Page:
‘Phantom Cowboys’: Film Review | Tribeca 2018

Courtesy of the Tribeca FIlm Festival
A melancholic and provocative mood piece.
4/30/2018

Daniel Patrick Carbone’s wistful, time-jumping documentary examines the lives of three American men as they come of age.

Since 1964, Michael Apted’s seminal Up films have followed a group of British children from age 7 onward, checking in on their progress every seven years. (If all goes according to plan, 2019 will bring us 63 Up, the ninth feature in the series.) Phantom Cowboys, directed by Daniel Patrick Carbone (Hide Your Smiling Faces), is a kind of one-off American cousin to the Up films, though the aesthetic is — befitting its evocative title — more liltingly poetic, if no less thought-provoking.

Carbone follows three American men in two time periods, intercutting their experiences as teenagers in 2009 and as young adults in 2016. When we first meet them, Nick Reyes is a high school football player (with the potential of going pro) living in a desert town in California; Larry Young is a lively 13-year-old from Florida who spends most of his days hunting for rabbits in the local sugarcane fields; and Tyler Carpenter is an 18-year-old West Virginian who is father to a newborn daughter and also a fledgling dirt track racer. Seven years later, Nick is working at the local mining plant, Larry is returning home after a jail stint and Tyler, now parent to four children, is making big strides in his racing career.

All of this is revealed in the film’s first third, as Carbone seamlessly interweaves the two periods of his subjects’ lives with lyrical and often cutting clarity. There’s little perceptible difference in image quality (during handheld scenes, the 2009 footage looks slightly more pixelated), so there’s always a potency seeing Nick, Larry and Tyler age and de-age within a cut. And as the facts of their lives come into clearer focus, the visuals take on an emotional heft, especially whenever dreams discussed in the 2009 era are altered or deferred by 2016.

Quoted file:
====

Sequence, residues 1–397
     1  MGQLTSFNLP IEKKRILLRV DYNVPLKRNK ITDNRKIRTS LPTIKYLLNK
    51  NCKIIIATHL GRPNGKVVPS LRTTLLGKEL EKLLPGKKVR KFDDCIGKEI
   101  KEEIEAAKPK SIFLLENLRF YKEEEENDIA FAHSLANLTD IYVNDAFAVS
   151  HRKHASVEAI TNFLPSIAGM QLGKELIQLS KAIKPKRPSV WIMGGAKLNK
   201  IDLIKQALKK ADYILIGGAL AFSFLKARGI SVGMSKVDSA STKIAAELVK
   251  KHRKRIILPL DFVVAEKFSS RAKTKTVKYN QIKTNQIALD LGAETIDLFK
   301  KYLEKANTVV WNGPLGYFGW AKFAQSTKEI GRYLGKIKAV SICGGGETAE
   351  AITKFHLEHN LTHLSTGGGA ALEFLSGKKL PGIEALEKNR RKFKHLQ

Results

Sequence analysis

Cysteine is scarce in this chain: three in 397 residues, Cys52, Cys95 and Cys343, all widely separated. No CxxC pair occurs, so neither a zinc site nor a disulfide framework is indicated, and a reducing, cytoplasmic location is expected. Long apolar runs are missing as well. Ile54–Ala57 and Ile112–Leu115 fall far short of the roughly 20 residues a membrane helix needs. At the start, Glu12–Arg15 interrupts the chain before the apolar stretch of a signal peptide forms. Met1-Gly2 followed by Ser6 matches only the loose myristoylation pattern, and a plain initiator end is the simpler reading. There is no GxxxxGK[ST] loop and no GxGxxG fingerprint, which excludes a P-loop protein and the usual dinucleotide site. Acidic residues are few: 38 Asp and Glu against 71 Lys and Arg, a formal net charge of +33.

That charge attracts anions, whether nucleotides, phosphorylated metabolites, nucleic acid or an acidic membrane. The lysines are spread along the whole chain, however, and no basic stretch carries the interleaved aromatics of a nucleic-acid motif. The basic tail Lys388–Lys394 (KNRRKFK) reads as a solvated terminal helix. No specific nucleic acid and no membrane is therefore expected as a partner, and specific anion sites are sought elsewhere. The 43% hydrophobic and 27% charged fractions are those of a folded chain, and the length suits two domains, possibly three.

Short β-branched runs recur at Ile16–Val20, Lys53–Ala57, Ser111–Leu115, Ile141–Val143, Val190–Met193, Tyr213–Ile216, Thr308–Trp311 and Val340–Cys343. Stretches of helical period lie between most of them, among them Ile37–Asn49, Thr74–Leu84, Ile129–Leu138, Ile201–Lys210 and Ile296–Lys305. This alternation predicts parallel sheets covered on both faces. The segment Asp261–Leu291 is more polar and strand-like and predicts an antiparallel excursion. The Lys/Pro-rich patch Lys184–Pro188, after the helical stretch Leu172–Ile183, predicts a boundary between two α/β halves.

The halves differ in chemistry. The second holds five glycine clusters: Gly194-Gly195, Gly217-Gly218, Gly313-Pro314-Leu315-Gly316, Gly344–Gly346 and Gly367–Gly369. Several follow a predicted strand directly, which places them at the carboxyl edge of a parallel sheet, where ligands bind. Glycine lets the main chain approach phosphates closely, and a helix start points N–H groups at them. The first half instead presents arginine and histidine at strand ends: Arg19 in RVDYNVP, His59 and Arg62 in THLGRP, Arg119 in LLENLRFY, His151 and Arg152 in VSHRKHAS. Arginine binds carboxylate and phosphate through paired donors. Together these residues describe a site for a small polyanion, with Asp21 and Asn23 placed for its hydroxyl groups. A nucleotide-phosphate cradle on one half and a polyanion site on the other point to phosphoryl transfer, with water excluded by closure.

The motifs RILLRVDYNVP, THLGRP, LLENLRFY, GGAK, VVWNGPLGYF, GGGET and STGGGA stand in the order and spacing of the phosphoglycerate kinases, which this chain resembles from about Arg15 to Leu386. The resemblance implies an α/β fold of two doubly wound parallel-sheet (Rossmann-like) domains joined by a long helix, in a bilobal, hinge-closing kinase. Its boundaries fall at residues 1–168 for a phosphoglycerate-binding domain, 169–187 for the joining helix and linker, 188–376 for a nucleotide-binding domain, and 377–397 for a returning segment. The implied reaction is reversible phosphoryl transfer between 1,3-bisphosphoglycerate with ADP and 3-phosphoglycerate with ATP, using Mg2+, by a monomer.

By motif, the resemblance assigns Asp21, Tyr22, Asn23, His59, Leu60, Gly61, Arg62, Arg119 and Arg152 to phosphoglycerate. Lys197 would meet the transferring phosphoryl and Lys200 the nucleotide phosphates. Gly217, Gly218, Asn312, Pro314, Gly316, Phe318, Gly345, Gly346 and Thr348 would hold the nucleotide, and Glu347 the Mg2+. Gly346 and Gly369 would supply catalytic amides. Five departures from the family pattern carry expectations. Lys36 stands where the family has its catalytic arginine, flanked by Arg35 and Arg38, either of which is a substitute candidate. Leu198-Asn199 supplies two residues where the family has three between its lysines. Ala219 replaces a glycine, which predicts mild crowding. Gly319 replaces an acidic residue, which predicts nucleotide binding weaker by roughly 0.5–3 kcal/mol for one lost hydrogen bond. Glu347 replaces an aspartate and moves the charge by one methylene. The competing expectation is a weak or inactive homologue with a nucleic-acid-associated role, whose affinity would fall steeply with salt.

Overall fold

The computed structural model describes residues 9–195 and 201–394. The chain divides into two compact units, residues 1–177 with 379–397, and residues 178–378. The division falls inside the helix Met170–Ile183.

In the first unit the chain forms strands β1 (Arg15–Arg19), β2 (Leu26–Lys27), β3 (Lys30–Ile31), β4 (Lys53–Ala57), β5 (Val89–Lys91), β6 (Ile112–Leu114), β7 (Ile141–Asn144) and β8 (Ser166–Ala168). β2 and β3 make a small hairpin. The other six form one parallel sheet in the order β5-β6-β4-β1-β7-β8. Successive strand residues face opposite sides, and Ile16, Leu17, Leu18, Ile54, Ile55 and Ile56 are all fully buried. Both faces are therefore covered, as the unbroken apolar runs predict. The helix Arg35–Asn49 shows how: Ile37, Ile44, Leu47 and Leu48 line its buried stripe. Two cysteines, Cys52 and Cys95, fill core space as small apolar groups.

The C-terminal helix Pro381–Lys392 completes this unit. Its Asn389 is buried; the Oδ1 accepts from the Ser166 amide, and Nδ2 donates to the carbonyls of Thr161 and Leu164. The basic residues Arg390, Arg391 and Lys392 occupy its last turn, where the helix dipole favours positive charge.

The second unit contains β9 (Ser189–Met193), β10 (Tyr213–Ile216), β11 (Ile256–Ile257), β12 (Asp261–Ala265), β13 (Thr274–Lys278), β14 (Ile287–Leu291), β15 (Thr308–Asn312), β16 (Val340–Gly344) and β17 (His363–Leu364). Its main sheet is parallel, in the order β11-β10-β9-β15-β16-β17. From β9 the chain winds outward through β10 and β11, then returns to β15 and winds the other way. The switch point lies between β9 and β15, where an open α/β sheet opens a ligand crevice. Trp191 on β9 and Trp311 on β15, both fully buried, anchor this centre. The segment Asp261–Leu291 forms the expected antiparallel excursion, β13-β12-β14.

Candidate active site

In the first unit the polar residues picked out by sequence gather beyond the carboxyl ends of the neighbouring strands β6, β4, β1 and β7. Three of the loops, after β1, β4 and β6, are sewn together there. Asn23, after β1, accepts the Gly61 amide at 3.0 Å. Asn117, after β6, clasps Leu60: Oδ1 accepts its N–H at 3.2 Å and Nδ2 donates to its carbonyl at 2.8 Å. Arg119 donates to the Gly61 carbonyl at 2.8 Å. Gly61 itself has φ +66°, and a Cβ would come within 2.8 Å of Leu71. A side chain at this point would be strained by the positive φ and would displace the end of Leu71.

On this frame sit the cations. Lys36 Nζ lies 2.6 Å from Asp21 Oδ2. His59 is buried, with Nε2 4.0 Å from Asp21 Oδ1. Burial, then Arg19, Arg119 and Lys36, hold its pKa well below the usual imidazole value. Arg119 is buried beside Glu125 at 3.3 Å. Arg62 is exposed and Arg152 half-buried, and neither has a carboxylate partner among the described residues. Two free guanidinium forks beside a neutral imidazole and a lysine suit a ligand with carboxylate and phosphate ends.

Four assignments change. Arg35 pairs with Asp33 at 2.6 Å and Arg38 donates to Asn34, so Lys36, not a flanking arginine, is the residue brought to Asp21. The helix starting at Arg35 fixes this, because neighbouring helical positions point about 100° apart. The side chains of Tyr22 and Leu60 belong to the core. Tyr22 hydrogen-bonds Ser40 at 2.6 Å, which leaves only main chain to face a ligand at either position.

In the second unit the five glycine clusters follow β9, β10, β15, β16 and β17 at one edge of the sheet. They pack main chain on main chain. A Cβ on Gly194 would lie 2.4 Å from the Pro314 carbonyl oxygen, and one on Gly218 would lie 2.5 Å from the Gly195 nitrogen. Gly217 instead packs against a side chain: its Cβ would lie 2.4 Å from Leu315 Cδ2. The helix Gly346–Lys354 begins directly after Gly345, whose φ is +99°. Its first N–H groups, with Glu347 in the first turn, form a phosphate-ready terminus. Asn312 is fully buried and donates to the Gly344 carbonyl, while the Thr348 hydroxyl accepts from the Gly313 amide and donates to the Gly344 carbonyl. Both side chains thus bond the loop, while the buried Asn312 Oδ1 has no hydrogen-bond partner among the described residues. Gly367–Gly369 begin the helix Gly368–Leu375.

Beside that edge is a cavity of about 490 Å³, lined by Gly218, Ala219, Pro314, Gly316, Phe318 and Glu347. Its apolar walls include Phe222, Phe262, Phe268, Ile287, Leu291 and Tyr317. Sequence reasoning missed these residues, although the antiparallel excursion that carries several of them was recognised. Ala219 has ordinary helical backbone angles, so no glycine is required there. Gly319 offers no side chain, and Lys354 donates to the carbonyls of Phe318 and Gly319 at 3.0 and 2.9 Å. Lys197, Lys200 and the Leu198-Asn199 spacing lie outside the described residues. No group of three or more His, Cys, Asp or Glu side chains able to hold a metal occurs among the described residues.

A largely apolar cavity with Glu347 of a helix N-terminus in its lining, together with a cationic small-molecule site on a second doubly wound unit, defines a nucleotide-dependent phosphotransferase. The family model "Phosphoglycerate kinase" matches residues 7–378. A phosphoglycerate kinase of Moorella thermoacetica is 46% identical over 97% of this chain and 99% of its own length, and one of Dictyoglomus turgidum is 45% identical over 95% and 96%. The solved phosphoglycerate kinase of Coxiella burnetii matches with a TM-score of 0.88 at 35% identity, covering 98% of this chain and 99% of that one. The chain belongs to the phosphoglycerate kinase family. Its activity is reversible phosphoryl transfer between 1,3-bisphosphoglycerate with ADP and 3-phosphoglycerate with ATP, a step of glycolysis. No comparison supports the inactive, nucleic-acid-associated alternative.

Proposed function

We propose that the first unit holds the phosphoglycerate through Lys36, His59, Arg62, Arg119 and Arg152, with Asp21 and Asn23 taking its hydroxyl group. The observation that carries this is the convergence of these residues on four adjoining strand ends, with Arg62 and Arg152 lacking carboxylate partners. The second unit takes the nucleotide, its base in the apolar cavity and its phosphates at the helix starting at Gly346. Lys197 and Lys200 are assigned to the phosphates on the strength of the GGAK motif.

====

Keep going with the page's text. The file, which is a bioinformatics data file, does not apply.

One of the film’s unspoken themes is racial privilege. Caucasian Tyler, for all his economic hardships (his income is primarily dependent on the pure chance of the racetrack), will never have to face the same challenges as Larry (African-American) or Nick (Hispanic). There is indeed a cloud that seems to hang over Larry’s life from first frame to last, though he and his family counter the adversity and prejudice they face with grit and good humor. An offhand gesture by Larry’s mother soon after his release — she puts one arm each around her two sons and gives thanks for their presence — is among the film’s most moving because it comes off like love used as both shield and shelter. Nick, meanwhile, seems driven to succeed on his own terms so that he’ll be free of any larger societal assumptions or judgment. (Perhaps, say, by a president who’d surely consider him sub-human.) As of 2016, Nick has bought a $40,000 car in cash saved up from his mining job and is making similar progress toward a patch of land and a house where he can one day raise a family. Setting realistic goals, honing his focus, and rooting himself in one place are all means of survival.

Arbitrary divisions aside, Carbone wants us to see each of these men as brothers in the ever-declining American experiment. There’s always been a degree of fraudulence to the lavishly ballyhooed vision of the USA as a land of opportunity. (Per George Carlin: “It’s called the American dream because you have to be asleep to believe it.”) And this is much more evidently the case today, with a government in power that openly flaunts its divisive, money-grubbing cruelty even as it pays lip service to the majority of the populace who are hard up or in need. Carbone doesn’t need to say any of this explicitly. It’s there in every frame of his movie, pulsing underneath the gently elegiac surface. Nick, Larry and Tyler are representatives of a faded spirit that once animated this country, and Phantom Cowboys finds, in the complications of their lives, an ineffable mix of hope and horror.      

Production companies: Flies Collective, Silent Runner, Cinereach
Director: Daniel Patrick Carbone
With: Larry Young, Nick Reyes, Tyler Carpenter
Editor: Thomas Niles
Original score: Robert Donne
Cinematographers: Ryan Scafuro, Daniel Patrick Carbone
Producers: Ryan Scafuro, Annie Waldman, Daniel Patrick Carbone
Sales Agent: The Film Sales Co.
Venue: Tribeca Film Festival (Documentary Competition)

93 minutes